Three-Metre Mystery

People always suspected that there were errors in the government surveys, not only due to the experience of Bargi, but due to persistent inconsistencies in government information regarding flood levels. Survey markers on the same field would indicate submergence at different reservoir levels. In some villages, houses received notices that their land would be submerged while houses lower than theirs received no notice. To all except those relying on government records, something was obviously and seriously wrong and no grievance redressal authority would ever hear the woes of those rendered homeless and without livelihood unless they were listed as project affected persons (PAPs) in those records.

Ravi Kuchimanchi, who tracked down the error in the government’s survey had to set aside his training as a civil engineer and work according to the people’s knowledge to solve the mystery of the three metre level difference. Surveying the heights independently, he had two sources of reference. One was the government benchmarks, supposed to be accurate to the milimetre. The other was the people’s reports...but they never reported the height of their home or field above mean sea level. They would point out where the waters reached in the 1970 flood. Not mean sea level, but their house was the reference for measuring the water level. What struck him was that people in different villages would all indicate the same level of water of a flood 30 years ago. Their measurements were as accurate as any survey instrument. At last Ravi got what he needed – an alternate frame of reference from which to check the validity of the government surveys. People’s knowledge is more than the oft-displayed medicinal herb and bamboo craft, but the very basis and defence of their independent, adventurous life. An error of three metres across the entire submergence zone would mean an additional 18,000 project affected people. When these survey errors were brought to the attention of officials in a meeting with Madhya Pradesh chief minister Dig Vijay Singh,5 officials were intrigued but confirmed that they would continue according to the benchmarks and computer simulations in their records.

Resisting Globalisation

The fight against centralisation of knowledge and natural resources is a fight against globalisation, in which people’s knowledge – in their own language and with reference to their own experience – is an essential survival tool. In India the battles over patents on neem, turmeric, and basmati rice have drawn attention to the wholesale attack on people’s knowledge. Dams further reveal the extent of the attack. The desperate attempts to attract finance for the Maheshwar dam (also on the Narmada) highlight the mutual dependence of resource-centralising projects upon multinational finance which seeks distance from the democratic processes of any single country. During Clinton’s March visit to India, US company Ogden signed a deal to invest in the Maheshwar dam. After three German companies – VEW, Bayernwerke, and Siemens, withdrew from the project based on reports from independent human rights organisations, the owner of S Kumars, the Indian private capital behind the Maheshwar dam accompanied Vajpayee on his September visit to the US. Even higher than Maheshwar on the agenda of Indo-US trade relations has been the software and telecommunications industry, whose remote security and surveillance systems are the bedrock of globalisation. While India rides this information superhighway, the right to information is still denied to the vast majority of its citizens. This is only to be expected – though when the urban educated try to hear the excluded voices, the government’s response may surprise them.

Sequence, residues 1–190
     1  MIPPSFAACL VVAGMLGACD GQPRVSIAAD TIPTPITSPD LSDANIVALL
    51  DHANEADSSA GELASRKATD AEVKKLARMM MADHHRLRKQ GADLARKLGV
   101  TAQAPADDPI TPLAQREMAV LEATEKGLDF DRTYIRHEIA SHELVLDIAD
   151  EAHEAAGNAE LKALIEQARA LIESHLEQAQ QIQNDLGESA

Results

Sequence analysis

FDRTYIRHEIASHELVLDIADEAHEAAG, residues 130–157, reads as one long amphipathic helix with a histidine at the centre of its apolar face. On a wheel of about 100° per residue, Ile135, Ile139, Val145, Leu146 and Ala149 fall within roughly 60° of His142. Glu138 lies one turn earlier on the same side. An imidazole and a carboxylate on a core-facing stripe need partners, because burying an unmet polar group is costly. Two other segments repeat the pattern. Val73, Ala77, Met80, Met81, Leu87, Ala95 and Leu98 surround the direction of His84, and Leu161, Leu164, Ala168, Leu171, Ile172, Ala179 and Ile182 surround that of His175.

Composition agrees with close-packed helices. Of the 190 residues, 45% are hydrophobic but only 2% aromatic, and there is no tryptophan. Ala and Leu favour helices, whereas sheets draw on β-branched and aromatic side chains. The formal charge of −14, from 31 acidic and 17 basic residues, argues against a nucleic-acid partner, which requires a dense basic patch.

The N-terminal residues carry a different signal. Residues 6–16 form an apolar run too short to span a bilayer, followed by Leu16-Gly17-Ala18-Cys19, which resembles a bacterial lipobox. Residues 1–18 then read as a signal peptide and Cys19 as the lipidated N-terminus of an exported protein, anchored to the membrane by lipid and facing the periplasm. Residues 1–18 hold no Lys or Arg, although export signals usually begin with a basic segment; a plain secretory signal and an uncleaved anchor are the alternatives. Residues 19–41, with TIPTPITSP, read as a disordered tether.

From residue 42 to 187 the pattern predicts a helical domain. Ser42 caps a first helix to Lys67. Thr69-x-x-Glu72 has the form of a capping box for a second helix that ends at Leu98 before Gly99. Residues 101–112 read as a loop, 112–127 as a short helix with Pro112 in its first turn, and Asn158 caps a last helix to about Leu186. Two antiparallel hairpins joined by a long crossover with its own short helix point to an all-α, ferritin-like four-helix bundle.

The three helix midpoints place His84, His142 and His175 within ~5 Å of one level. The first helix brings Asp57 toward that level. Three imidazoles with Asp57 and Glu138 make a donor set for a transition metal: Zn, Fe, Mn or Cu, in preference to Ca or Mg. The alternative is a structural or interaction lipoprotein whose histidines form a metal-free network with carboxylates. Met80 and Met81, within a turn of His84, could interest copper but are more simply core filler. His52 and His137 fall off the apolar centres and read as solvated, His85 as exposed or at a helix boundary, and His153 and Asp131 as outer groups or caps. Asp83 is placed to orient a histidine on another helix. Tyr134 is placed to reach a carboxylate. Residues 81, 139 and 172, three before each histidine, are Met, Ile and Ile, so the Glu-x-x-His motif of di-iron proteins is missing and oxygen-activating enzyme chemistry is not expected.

The Gujarat police detentions of August 23 and 24, drawing condemnation from organisations within Gujarat as well as Amnesty International, demonstrated to the world that the issues the Narmada Bachao Andolan has raised over the past 15 years pertain not only to victims of submergence in Sardar Sarovar, they impact upon society as a whole. The chance to hear people of the Narmada Valley speak in their own idiom in their own place, the ‘Saga of Narmada’, a day-long seminar organised in the village of Nimgavhan, in Maharashtra’s tribal belt drew women and men from all walks of life. Those with prior experience of Gujarat repression where Narmada was concerned took circuitous routes through cornfields and gushing streams on that monsoon day. Those who travelled openly to hear the story from the people of the valley, were detained en route and denied their right to information. This right was the first demand of the struggle they came to hear about. It was now their struggle too.

Further Struggle Ahead

At the recent independence day ceremony in Nimgavhan, the Indian flag was hoisted by 93-year old socialist activist Siddharaj Dhadda, exercising a right for which he had himself gone to jail in 1935. Before several hundred schoolchildren6 and guests, he inaugurated the first alphabet book for this region’s tribal students. Among those repeating after him were the two government-appointed teachers who could not communicate with the children there, who speak not the state language Marathi, but their own language, Pavri.